Aviation of Word War II
The only "Mosquito" in the USSR
De Havilland Mosquito B.IV DK296, tested in the USSR
Soviet specialists were greatly impressed by a visit to the plant where these aircraft were built. "Mosquito" surprisingly combined the already considered outdated wooden structure and very high flight performance. In the fall of 1942, the Soviet side officially requested one copy of the bomber for study. The British government agreed.
In July 1943, from the group of Soviet ferry pilots who were trained in Scotland at Errol airbase to pilot Albemarl aircraft, several crews were assigned to master the Mosquito. A dual-control Mosquito T.III was dispatched to Errol for training purposes on July 22, but was destroyed during the distillation. Instead, another T.III arrived on July 27, and with him instructor Rainer, seconded from Training Unit 60.
By August 9, senior lieutenant I.D. Polosukhin (formerly a squadron commander in the 1st Transport Aviation Division) completed a retraining course. Together with him, the navigator, Lieutenant Kekishev, was preparing. In September, a ferry plane was delivered to Errol. It was Mosquito B. IV with number DK296, equipped with Merlin 21 engines. The bomber had already fought, he was released in the spring of 1942, he served in the 105th squadron of the RAF and made 15 sorties. The last of them ended with a number of combat damage and repairs in the 10th service aviation unit (workshops). Apparently, it was there that the plane was prepared for ferrying to the USSR. An additional 550-liter gas tank was installed in the bomb bay and the bomb racks and the control of the bomb bay doors were dismantled.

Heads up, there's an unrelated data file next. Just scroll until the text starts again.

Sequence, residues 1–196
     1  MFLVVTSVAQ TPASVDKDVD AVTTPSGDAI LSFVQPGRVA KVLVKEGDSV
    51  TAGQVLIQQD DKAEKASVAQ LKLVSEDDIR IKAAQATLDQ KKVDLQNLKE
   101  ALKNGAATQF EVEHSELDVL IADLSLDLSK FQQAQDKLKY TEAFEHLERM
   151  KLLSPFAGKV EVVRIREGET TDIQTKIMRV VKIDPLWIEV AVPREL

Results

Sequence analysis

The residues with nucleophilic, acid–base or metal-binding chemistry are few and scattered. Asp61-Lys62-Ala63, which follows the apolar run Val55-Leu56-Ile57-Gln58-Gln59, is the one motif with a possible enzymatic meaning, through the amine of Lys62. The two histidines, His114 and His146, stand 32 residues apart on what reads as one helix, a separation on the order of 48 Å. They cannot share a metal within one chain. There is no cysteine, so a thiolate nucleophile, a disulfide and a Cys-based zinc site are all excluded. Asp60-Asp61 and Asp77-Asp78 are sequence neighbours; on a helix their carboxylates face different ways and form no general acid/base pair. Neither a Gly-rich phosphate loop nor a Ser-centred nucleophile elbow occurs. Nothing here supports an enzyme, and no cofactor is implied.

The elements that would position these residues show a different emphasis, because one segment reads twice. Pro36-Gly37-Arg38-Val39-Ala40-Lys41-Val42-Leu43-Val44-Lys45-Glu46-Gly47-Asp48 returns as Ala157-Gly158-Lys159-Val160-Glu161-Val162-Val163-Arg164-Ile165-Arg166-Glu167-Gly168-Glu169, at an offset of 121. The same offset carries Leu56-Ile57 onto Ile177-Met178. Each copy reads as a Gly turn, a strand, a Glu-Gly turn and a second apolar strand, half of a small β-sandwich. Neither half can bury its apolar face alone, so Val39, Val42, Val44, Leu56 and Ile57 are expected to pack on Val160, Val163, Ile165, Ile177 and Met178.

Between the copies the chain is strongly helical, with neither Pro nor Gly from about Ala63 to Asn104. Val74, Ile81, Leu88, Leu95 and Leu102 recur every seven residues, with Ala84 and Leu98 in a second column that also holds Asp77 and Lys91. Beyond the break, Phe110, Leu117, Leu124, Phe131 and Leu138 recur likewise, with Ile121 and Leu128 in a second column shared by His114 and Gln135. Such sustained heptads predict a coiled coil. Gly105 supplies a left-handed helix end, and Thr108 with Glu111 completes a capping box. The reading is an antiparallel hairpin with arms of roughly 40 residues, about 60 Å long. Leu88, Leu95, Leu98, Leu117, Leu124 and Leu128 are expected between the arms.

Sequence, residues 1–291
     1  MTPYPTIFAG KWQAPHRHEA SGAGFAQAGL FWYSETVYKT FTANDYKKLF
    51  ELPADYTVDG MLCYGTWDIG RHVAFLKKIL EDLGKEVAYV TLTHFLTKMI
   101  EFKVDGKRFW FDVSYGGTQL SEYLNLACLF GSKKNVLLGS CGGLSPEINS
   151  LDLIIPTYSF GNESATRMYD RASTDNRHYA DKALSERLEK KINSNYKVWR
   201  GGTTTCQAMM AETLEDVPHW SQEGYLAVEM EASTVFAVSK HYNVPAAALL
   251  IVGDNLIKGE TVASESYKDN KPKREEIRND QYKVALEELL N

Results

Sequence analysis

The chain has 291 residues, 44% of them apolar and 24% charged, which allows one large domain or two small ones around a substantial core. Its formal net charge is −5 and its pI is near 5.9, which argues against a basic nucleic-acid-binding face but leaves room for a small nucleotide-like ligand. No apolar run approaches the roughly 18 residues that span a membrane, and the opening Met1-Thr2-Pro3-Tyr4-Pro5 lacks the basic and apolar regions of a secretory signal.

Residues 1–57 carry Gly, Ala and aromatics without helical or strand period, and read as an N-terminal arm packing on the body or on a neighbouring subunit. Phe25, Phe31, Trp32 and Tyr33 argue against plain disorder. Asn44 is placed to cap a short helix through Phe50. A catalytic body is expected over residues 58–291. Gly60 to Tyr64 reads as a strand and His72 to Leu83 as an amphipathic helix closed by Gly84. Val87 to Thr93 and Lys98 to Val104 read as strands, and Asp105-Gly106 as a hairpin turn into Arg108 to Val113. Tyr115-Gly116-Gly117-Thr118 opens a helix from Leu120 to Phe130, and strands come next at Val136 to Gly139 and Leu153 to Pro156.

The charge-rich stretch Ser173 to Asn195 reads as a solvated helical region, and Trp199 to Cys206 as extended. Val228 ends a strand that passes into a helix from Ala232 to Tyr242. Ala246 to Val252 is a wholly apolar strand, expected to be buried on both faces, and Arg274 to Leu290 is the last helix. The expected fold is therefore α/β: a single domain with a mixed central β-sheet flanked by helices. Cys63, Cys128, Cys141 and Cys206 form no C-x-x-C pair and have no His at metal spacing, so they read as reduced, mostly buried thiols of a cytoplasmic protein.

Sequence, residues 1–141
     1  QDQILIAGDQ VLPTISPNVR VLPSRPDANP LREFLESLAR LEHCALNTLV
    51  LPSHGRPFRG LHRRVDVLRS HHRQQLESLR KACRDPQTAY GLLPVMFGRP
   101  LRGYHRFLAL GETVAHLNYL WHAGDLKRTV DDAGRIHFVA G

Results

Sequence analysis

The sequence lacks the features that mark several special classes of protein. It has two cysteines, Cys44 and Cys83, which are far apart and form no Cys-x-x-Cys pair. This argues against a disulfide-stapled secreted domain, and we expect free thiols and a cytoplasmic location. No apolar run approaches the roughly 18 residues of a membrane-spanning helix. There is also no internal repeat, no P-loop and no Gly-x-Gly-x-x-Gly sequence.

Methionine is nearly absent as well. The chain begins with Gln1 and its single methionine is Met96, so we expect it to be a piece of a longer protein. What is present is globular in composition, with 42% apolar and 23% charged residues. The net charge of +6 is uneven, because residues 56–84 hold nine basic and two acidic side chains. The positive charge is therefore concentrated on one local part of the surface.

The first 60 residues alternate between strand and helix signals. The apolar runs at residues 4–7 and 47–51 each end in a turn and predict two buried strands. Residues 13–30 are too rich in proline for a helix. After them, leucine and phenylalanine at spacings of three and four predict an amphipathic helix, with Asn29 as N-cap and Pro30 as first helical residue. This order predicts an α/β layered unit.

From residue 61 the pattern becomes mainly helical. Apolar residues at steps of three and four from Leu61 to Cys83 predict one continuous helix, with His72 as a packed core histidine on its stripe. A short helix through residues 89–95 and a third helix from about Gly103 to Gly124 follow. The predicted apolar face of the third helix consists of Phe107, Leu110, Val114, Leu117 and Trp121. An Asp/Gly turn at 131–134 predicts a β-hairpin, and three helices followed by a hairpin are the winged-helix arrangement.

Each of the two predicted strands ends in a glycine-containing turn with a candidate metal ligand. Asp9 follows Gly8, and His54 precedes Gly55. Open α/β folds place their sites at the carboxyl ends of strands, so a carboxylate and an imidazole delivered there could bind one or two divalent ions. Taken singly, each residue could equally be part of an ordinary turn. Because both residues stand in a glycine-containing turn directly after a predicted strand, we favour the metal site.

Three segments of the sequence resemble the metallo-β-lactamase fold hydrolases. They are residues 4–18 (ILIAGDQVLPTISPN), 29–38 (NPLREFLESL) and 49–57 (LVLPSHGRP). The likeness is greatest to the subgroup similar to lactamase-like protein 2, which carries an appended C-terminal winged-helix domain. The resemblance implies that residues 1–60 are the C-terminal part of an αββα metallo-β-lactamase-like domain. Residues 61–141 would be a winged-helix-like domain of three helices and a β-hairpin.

Polosukhin and Kekishev got acquainted with the features of the machine and carefully studied it. By October 3, the crew was ready to fly to Moscow. On October 24, we were already preparing to start, but the tube of the oxygen system burst and the flight was postponed. Throughout November, the bomber stood at the airfield due to unfavorable weather forecasts. On December 9, an order was received to take off, but at midnight Moscow was informed by telephone about very bad weather in the area of the capital and the cancellation of the flight.
After that, there were many months of waiting. Polosukhin and Kekishev periodically took to the air: either on their V.IV, or on the training T.III, making flights lasting from 25 minutes to an hour, including one night (January 18, 1944).